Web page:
Sunday, March 1, 2009

The Mysteries of Escape Reading

In some ways, I'd have to admit that I have commodified (even commoditized, ugly though that word may be) my reading -- that is, my paycheque is based on my ability to analyse my reading and to write and teach about that analysis. Not all of my reading comes under this purview, of course, but during term it's difficult to fit in any of the kind that escapes it other than magazines which can be read in bits and pieces and my precious blogs, also amenable to reading "in-between." Perhaps for that reason, even though I have stacks of "literary novels," as well as poetry and theory,that I would enjoy reading, even finding some escape in that exercise, I feel as if I haven't really had a "break" unless I fit in something like a mystery novel. Kind of goofy, really, like distinguishing between "good food" and "bad food" and getting extra pleasure from the bag of potato chips on that basis. Often the distinctions are arbitrary with many mystery novels that appeal to me being as well written as some of what gets labelled "literary" (have you ever read John Farrow's compelling Montreal mysteries?), but the fact remains. I feel cheated if I don't get to read a mystery over a holiday and I feel the defiant pleasure of cheating if I do.

All of which is a preamble to say that I finally got around to reading the latest Michael Connelly, The Brass Verdict, which I'd given Paul in hardcover for Christmas (don't often splurge on hardcover mysteries, but at Christmas with the Chapters on-line discounts, I sometimes do). We're both big fans of the Harry Bosch series, and we also both approve of the way Connelly has got 'round the problem of author ennui that seems to have hit other favourite series (Patricia Cornwell and Kay Scarpetta being the obvious example). Here he's delivered a second book focused on "the Lincoln lawyer," but he throws a bone to those of us hankering for more Bosch. That character appears in the novel and there is a very satisfying addition to what we know about him by the resolution of the mystery. I can't say I found the book as deeply engaging at the level of character and setting as I recently did with, say, Elizabeth George's latest, but it was well plotted, had credible and interesting characters, and distracted me for several pleasurable hours. In short, it's sending me back to my "regularly scheduled reading" reassured that there's still room for reading that escapes the demands of the paycheque as well as reassured that there's still life in good ol' Harry, even if he never gets another novel all to himself.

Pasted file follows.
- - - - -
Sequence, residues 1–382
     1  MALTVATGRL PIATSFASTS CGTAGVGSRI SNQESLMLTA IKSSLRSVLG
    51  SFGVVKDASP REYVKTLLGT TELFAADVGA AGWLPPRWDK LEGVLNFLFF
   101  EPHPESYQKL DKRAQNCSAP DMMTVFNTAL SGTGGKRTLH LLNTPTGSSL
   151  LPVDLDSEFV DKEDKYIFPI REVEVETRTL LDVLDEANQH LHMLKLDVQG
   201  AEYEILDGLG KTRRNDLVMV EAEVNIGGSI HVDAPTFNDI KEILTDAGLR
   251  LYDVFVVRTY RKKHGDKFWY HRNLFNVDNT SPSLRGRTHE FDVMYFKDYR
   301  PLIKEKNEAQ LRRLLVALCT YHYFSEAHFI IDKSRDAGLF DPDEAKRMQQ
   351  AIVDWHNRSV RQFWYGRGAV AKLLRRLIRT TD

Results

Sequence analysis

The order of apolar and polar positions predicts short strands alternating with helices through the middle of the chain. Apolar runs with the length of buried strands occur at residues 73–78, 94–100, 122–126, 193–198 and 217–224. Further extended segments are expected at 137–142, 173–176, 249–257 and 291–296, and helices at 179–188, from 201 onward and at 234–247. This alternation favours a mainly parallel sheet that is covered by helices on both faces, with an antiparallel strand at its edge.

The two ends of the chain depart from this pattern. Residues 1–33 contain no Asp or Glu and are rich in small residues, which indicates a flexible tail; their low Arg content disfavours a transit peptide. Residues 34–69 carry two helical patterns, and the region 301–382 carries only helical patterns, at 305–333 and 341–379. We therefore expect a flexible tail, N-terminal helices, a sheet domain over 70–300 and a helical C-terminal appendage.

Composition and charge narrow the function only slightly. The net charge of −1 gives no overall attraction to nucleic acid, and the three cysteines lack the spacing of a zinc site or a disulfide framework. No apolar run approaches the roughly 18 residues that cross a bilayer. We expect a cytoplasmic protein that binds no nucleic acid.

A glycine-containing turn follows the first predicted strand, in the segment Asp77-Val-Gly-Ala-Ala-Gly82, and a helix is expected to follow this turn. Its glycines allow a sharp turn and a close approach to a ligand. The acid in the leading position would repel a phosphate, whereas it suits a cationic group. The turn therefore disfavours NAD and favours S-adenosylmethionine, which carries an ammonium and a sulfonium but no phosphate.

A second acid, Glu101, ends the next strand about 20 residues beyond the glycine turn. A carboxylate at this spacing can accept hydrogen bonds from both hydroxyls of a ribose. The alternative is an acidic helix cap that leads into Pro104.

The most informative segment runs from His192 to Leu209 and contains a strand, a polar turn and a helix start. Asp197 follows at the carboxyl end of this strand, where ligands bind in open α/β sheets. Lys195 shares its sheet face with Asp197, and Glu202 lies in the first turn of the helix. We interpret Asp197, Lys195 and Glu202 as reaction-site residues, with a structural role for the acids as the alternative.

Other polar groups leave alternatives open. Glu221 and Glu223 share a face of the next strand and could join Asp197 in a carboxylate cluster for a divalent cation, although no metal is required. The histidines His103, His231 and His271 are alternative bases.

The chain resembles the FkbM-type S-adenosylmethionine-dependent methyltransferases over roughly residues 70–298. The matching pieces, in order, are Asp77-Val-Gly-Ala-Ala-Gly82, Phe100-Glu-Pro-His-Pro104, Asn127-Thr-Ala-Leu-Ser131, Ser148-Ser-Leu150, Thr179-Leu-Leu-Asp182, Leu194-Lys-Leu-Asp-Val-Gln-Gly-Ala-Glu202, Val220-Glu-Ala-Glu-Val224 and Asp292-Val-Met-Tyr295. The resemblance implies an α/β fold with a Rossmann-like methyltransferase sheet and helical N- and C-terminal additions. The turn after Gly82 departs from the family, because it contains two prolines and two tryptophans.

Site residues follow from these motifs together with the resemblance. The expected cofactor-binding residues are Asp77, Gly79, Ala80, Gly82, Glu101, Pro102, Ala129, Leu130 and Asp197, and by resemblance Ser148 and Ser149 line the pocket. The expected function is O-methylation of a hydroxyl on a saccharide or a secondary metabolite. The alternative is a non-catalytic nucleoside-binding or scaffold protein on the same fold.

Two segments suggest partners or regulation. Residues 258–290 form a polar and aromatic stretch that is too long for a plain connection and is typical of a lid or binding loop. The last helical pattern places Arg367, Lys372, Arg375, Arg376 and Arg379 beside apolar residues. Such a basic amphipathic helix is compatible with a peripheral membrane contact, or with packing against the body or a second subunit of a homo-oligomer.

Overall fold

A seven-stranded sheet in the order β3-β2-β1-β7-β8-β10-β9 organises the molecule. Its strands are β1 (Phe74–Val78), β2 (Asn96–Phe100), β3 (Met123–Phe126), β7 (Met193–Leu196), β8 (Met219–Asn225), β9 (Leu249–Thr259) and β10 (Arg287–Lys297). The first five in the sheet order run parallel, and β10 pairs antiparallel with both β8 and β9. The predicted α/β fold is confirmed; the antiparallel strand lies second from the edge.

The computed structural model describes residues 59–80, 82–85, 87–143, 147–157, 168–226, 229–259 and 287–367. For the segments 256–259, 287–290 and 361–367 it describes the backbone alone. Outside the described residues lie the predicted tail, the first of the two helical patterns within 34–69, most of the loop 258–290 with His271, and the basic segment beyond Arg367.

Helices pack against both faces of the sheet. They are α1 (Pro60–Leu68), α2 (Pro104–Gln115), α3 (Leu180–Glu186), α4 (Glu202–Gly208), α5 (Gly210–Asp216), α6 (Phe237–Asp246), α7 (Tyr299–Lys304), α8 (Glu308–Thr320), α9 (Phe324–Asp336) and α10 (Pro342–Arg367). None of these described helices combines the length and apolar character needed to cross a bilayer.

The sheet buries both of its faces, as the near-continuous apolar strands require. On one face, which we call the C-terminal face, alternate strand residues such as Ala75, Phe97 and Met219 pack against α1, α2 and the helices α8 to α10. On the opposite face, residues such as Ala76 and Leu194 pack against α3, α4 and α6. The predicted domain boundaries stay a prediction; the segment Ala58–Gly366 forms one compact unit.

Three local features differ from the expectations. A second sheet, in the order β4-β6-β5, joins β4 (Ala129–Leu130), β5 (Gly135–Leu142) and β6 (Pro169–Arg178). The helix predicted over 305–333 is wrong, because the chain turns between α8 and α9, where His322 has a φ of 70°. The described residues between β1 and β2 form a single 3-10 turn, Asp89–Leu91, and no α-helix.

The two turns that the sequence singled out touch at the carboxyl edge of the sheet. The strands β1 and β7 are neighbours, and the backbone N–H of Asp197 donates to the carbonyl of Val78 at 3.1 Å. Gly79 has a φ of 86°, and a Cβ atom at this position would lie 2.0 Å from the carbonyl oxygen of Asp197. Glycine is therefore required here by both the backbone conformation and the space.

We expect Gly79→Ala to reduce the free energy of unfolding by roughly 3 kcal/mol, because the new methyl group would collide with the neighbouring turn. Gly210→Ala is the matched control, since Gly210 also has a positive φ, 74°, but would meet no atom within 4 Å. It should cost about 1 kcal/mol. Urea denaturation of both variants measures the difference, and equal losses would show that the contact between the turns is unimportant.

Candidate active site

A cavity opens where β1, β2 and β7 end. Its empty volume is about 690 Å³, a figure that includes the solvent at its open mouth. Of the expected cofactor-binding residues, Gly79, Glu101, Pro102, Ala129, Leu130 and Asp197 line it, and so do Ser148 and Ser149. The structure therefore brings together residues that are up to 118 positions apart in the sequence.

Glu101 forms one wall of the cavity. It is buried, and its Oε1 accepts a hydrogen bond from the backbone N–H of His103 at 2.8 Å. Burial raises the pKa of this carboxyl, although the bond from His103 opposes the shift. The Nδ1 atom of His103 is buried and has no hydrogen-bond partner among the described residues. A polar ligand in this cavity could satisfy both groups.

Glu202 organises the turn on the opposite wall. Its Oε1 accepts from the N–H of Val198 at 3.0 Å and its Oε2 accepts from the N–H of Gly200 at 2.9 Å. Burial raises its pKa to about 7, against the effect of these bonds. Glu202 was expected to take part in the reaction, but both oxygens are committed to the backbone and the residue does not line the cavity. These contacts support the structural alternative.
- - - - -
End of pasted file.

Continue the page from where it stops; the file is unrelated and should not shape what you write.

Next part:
2 comments:

  1. Oh, I'm all for a little escape reading now and then and for you perhaps even more a pleasure since as you say, your paycheck depends on your ability to analyze your reading. I think I was a failed literature student as I still seem a failure at analyzing, or perhaps just not interested enough, and all I got out of it is the guilt of enjoying things I now feel I shouldn't.

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  2. Well you and I both know how useful guilt is Mardel -- not very! I'm trying to learn that if I enjoy it, that's okay, and it's worth something despite what critics say. Your analysis always seems very astute to me, so there's no way I can imagine you failing as a lit student. Did you ever get 'round to reading that Elizabeth George, btw?

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